AT&T Corp. said on Wednesday its board unanimously rejected Comcast Corp.'s unsolicited bid to purchase its AT&T Broadband unit, saying the $40 billion stock offer did not reflect the full value of the No. 1 U.S. cable-television company. 

AT&T said it would explore financial and strategic alternatives for AT&T Broadband, including its previously announced plan to spin off the cable unit. 

AT&T, however, will delay mailing to shareowners the proxy materials regarding the creation of a tracking stock for AT&T Broadband, and planned separation. It had planned to send the proxy materials by the end of the month. 

Comcast, the No. 3 cable television company, launched an unsolicited bid on July 8 to acquire its larger rival, AT&T Broadband, to create the world's largest broadband communications provider with 22 million subscribers. 

One risk arbitrageur, who asked not to be named, said AT&T's statement reflected the company's confidence it could garner a higher price for the business. 

``I think the fact that they authorized the advisers to explore alternatives, they are really confident in the extra value they can get from that division,'' the arbitrageur said. ''Clearly, the restructuring structure they already have in place there allows them to leverage into a higher bid.''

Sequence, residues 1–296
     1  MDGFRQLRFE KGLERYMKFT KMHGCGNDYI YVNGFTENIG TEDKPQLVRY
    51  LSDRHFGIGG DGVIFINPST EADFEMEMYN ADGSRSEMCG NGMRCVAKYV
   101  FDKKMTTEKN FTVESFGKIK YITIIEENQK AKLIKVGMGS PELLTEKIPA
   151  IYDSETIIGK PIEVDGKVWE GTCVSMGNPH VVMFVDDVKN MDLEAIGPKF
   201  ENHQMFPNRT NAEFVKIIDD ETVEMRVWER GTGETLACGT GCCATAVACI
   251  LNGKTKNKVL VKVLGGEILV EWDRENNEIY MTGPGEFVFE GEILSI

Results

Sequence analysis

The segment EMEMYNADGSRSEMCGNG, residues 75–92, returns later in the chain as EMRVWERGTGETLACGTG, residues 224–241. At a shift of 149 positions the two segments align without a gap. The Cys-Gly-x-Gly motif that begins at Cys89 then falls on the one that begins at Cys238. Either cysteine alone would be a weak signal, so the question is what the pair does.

After the Comcast bid emerged, Cablevision Systems Corp. and Cox Communications Inc. also expressed interest in buying AT&T Broadband, according to recent media reports. 

In addition to the price, AT&T also said it had concerns about the proposed voting structure. Under Comcast's proposal, AT&T shareholders would have a majority equity interest in the combined company, but less voting control. 

The Roberts family, which began Comcast in 1963, owns about 2 percent of the company but holds 86 percent voting control. In a deal with AT&T Broadband, the Roberts' voting control would drop to below 50 percent, but the family would still have a disproportionate amount of control given its equity stake. 

AT&T is in the midst of a massive restructuring to split its major businesses -- broadband, business, consumer and wireless -- into three separate companies with four stocks. The wireless telephone services business, AT&T Wireless, was separated on July 9. 

AT&T emphasized that it remained committed to separating its consumer and business operations from AT&T Broadband, and creating a separate tracking stock designed to represent the financial performance of AT&T Consumer.